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#1 2014-12-31 09:04:41

captaincurrie
Member
From: /dev/random
Registered: 2013-11-01
Posts: 82

[Solved] systemd - To fork or not to fork when writing services

Hello,

Many of the programs i write services for have the option to fork or not to fork. Or are
advertised as daemons but have the ability to not fork into the background.

I don't understand which i should choose when writing a new service unit.

When do you want a program to run in 'daemon-mode' and when don't you?

Do i lose/gain anything when i make such a choice?

Thank you.

Last edited by captaincurrie (2015-01-01 12:32:11)

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#2 2015-01-01 00:49:55

jernst
Member
From: Silicon Valley
Registered: 2014-03-04
Posts: 285
Website

Re: [Solved] systemd - To fork or not to fork when writing services

My understanding is that in case of

Type=simple

systemd will fork your daemon. In case of

Type=forking

your daemon needs to fork itself, and then quit before systemd continues.

See http://www.freedesktop.org/software/sys … rvice.html

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#3 2015-01-01 08:20:43

captaincurrie
Member
From: /dev/random
Registered: 2013-11-01
Posts: 82

Re: [Solved] systemd - To fork or not to fork when writing services

jernst wrote:

My understanding is that in case of

Type=simple

systemd will fork your daemon. In case of

Type=forking

your daemon needs to fork itself, and then quit before systemd continues.

See http://www.freedesktop.org/software/sys … rvice.html

Thats not what i'm asking. I want to know why, or why not, would you want your service to fork when it has the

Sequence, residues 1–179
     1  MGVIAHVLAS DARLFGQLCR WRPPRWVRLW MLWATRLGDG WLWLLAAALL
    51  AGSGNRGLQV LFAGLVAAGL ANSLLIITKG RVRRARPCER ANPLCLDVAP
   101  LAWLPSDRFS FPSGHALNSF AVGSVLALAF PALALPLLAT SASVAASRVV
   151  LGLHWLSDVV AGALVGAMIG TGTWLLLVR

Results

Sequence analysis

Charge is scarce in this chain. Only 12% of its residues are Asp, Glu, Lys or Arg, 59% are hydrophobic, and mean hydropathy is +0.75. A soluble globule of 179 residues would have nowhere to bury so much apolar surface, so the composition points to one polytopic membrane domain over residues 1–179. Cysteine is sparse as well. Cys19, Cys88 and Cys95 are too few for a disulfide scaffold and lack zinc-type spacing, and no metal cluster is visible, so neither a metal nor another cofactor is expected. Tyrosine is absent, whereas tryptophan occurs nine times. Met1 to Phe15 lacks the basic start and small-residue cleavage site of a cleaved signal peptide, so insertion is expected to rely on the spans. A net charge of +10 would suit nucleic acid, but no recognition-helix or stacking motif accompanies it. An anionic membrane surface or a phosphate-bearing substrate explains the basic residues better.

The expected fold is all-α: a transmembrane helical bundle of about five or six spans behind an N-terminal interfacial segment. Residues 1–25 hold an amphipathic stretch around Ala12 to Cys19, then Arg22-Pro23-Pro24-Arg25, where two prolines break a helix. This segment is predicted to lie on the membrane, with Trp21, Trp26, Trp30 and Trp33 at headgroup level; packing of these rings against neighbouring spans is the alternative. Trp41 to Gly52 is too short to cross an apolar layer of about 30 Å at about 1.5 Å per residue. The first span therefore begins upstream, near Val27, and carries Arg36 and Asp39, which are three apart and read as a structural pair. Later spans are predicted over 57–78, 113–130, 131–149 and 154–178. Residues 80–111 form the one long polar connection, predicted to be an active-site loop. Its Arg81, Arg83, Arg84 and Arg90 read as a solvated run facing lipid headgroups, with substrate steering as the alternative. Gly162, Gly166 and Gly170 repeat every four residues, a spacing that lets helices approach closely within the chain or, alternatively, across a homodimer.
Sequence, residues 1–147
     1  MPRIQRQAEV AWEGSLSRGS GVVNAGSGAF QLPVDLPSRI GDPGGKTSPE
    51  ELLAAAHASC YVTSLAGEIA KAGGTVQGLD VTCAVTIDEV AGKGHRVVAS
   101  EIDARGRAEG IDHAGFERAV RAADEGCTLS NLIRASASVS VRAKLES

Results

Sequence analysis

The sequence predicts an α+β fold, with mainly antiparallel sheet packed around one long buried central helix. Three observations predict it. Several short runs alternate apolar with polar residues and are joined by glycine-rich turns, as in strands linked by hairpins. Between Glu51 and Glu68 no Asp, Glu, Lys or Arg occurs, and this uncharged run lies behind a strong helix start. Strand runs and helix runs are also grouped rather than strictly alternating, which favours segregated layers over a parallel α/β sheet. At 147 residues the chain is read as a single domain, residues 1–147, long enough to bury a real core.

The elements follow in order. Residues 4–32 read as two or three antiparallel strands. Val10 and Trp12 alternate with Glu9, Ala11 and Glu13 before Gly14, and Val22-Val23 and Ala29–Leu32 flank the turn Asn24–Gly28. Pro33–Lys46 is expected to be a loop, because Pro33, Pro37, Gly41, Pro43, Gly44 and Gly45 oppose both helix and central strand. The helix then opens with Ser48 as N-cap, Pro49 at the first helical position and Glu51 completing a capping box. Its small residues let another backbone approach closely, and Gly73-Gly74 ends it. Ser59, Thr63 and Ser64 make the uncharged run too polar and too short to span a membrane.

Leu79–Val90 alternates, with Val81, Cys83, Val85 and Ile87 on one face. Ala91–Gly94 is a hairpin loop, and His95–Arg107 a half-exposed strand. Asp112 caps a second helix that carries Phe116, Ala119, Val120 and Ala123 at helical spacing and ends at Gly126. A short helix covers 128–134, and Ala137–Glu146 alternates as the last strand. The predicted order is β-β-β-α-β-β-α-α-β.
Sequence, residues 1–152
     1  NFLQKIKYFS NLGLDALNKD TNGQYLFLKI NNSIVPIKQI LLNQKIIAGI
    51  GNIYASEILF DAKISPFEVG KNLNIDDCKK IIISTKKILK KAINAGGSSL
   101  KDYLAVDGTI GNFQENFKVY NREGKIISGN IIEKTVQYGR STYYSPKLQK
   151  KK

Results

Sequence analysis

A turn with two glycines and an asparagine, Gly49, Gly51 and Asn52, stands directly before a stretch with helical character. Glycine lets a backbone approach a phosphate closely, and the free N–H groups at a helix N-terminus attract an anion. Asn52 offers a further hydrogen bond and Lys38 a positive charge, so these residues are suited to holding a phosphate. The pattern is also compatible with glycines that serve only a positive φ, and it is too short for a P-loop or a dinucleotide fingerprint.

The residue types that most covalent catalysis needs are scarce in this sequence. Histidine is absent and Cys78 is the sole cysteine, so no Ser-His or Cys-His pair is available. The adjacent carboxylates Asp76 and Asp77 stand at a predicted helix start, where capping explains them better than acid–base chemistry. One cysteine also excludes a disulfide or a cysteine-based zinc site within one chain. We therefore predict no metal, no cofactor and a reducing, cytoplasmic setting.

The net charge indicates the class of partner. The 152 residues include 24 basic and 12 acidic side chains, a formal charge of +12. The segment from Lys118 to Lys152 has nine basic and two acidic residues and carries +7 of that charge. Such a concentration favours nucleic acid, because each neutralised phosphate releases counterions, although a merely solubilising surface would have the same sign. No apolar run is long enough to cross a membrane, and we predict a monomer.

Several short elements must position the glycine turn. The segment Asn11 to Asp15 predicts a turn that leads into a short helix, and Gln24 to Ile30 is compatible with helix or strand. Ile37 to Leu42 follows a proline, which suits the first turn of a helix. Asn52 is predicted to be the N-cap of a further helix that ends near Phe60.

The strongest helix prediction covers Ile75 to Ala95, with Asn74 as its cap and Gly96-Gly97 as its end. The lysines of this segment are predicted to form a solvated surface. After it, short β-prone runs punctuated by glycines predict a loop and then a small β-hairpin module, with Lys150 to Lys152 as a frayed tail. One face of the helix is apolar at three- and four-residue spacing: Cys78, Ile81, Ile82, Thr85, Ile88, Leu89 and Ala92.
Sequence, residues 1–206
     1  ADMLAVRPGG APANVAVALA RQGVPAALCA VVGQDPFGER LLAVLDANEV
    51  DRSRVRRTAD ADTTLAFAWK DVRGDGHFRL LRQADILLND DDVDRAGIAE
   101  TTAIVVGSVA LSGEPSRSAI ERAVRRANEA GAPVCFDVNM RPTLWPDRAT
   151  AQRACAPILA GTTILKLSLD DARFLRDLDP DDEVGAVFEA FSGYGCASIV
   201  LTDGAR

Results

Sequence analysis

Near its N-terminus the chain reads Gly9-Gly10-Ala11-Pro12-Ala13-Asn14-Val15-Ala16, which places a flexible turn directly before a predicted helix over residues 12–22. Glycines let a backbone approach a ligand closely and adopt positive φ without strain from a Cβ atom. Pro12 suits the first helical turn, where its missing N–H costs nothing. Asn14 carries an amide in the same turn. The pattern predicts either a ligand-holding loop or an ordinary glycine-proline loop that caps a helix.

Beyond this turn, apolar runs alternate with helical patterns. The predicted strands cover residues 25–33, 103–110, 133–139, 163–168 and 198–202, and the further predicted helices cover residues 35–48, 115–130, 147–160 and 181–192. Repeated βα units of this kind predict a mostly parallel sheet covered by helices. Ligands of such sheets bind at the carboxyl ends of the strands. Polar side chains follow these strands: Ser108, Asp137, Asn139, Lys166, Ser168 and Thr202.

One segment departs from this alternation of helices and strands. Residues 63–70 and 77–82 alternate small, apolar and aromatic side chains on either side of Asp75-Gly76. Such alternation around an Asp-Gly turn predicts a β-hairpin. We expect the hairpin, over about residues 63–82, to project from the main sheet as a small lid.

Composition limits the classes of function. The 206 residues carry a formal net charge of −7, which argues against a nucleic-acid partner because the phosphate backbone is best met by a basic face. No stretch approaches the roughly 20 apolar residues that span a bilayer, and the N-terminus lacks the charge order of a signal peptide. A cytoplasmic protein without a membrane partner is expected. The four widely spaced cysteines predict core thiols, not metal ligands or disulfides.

option not to fork. Many programs come with options to fork in the background or not to fork.
Take mpd for example. It is the Music Player Daemon yet you can run it with the
option no-daemon. I don't know which mode i want it running in when i encapsulate it
in a systemd service.

What considerations would make you choose one or the other?

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#4 2015-01-01 12:13:05

anatolik
Developer
Registered: 2012-09-27
Posts: 458

Re: [Solved] systemd - To fork or not to fork when writing services

captaincurrie wrote:

I want to know why, or why not, would you want your service to fork when it has the
option not to fork. Many programs come with options to fork in the background or not to fork.
Take mpd for example. It is the Music Player Daemon yet you can run it with the
option no-daemon. I don't know which mode i want it running in when i encapsulate it
in a systemd service.

If you have a choice then use Type=simple for your systemd services. It is simpler and systemd will take care or proper process deamonizing, restarts and shutdowns.

Type=forking is for historical services that cannot be run in foreground. In this case process itself will take care of its deamonizing, but systemd should know the child pid somehow so you need to provide PIDFile= option as well.


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#5 2015-01-01 12:31:50

captaincurrie
Member
From: /dev/random
Registered: 2013-11-01
Posts: 82

Re: [Solved] systemd - To fork or not to fork when writing services

anatolik wrote:
captaincurrie wrote:

I want to know why, or why not, would you want your service to fork when it has the
option not to fork. Many programs come with options to fork in the background or not to fork.
Take mpd for example. It is the Music Player Daemon yet you can run it with the